Scientists Announce Fusion Breakthrough At Princeton U. Lab

But federal funding for project is uncertain after 1995

THERE'S good news coupled with a sobering challenge for American physicists trying to tame hydrogen fusion - the power source of the stars.

The Princeton Plasma Physics Laboratory in Princeton, N.J., expects to announce a new world record today. In an experimental run last Wednesday, its Tokamak Fusion Test Reactor reached 10.7 megawatts of pure fusion power. That exceeds the project's original 10-megawatt target. Furthermore, the reactor team managed to do it for $400 million less than the project's authorized $1.8-billion budget.

``That's good,'' says deputy laboratory director Dale Meade as he notes that the machine is performing beyond its design requirements. But he adds that his elation is tempered by the realization that political constraints and funding restrictions will make it hard to maintain this research momentum.

Fusion power, which is decades away from commercial viability, would open up a virtually unlimited source of energy. Fusion is also expected to be cleaner, without any of the waste associated with fission, the current nuclear technology.

Having exceeded its target, the Princeton machine was due to shut down this fall. An extension of funding, however, will allow an extra year for researchers to round out their investigations.

Concern for 1996 budget

But to move on to the next level of research, scientists need the laboratory's proposed new $700-million Tokamak Physics Experiment. Even though they have money for design studies of the new Tokamak, the future of that machine is uncertain. Congress has so far failed to provide funds for construction. The laboratory is ``in good shape for 1995, but there's great apprehension about the 1996 budget,'' Dr. Meade says.

Congress and the Department of Energy, which funds the research, want to focus less on basic science and more on moving toward a practical fusion power plant. But many of the researchers believe that they need more basic knowledge, as Massachusetts Institute of Technology fusion physicist Richard Petrasso explained last week during a Council for the Advancement of Science Writing conference in Madison, Wis.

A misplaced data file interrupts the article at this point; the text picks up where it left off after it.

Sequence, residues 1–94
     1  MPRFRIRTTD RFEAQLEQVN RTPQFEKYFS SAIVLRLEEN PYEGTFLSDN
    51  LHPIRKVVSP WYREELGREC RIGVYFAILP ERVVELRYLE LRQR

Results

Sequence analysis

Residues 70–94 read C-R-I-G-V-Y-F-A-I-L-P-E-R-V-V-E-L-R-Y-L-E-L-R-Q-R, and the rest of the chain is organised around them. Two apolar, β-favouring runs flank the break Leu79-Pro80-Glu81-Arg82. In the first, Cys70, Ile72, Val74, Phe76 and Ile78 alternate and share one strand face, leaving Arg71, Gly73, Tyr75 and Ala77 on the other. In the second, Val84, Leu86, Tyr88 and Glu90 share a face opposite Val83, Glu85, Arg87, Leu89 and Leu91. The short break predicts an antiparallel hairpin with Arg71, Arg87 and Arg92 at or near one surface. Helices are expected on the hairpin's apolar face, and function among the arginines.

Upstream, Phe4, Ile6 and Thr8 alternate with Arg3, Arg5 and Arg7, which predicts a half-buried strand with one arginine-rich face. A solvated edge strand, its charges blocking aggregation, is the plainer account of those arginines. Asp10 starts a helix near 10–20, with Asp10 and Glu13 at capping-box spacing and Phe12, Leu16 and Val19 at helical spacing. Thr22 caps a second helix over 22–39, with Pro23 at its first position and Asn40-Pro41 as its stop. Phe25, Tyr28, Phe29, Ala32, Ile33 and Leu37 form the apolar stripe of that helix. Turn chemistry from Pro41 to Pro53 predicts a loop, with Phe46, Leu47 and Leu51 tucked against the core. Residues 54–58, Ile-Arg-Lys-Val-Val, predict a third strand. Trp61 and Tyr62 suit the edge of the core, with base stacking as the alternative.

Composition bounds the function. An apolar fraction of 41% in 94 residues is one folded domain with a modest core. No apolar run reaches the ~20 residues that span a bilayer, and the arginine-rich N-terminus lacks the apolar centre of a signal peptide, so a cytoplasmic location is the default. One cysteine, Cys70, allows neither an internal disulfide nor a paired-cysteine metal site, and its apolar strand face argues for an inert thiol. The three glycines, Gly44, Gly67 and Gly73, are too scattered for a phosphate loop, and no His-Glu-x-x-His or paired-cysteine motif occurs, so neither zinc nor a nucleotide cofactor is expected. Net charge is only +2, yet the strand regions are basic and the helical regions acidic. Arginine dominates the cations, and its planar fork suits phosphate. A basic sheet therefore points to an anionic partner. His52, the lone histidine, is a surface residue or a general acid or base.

Professor Petrasso pointed out some of the subtleties involved. The Princeton machine is the first to work with a roughly 50-50 mixture of deuterium and tritium - two heavy types of hydrogen, the kind of fuel a fusion power plant would use. Earlier machines used pure deuterium. Physicists need to know if they can control this fuel with magnetic forces at temperatures of 100 million degrees C and hold it stable long enough to produce useful power.

Also, the fusion of deuterium and tritium produces the nuclei of helium atoms, called alpha particles. These particles need to deposit their energy in the gas where fusion takes place and thus help to heat it. Then they should be removed. If alpha particles carry away too much energy or accumulate in the fuel, they can cool down the gas and choke off the fusion process.

Generating power

Princeton's Meade says that his laboratory's latest results both hint at alpha heating and show the particles are removed as expected in this experiment. They also show the hot gas was held stable for a so-called energy confinement time of 0.27 seconds - long enough to generate substantial power.

``The deuterium-tritium physics is working, the alpha physics is working,'' Meade says.

Petrasso explained that while the work at Princeton over the past year has been encouraging, more basic research with new machines is needed to see if the fusion physics and alpha physics continue to work as the research is scaled up.

The next step is to ignite a self-sustained fusion process. The Princeton machine cannot do this. Injectors supplied 39.5 megawatts of power to keep the reaction going while fusion itself contributed 10.7 megawatts. The United States has no authorized project to achieve ignition. It is a partner with Europe, Japan, and Russia in the International Thermonuclear Experimental Reactor (ITER) program that aims at building a machine to achieve ignition. But if the Princeton laboratory's proposed next generation reactor is not funded for construction, the US will not have a major facility of its own to explore the subtleties of magnetic-confinement fusion before ITER.

There would still be several smaller university projects. Yet even these may be pinched if the Energy Department and Congress continue to deemphasize basic fusion research.

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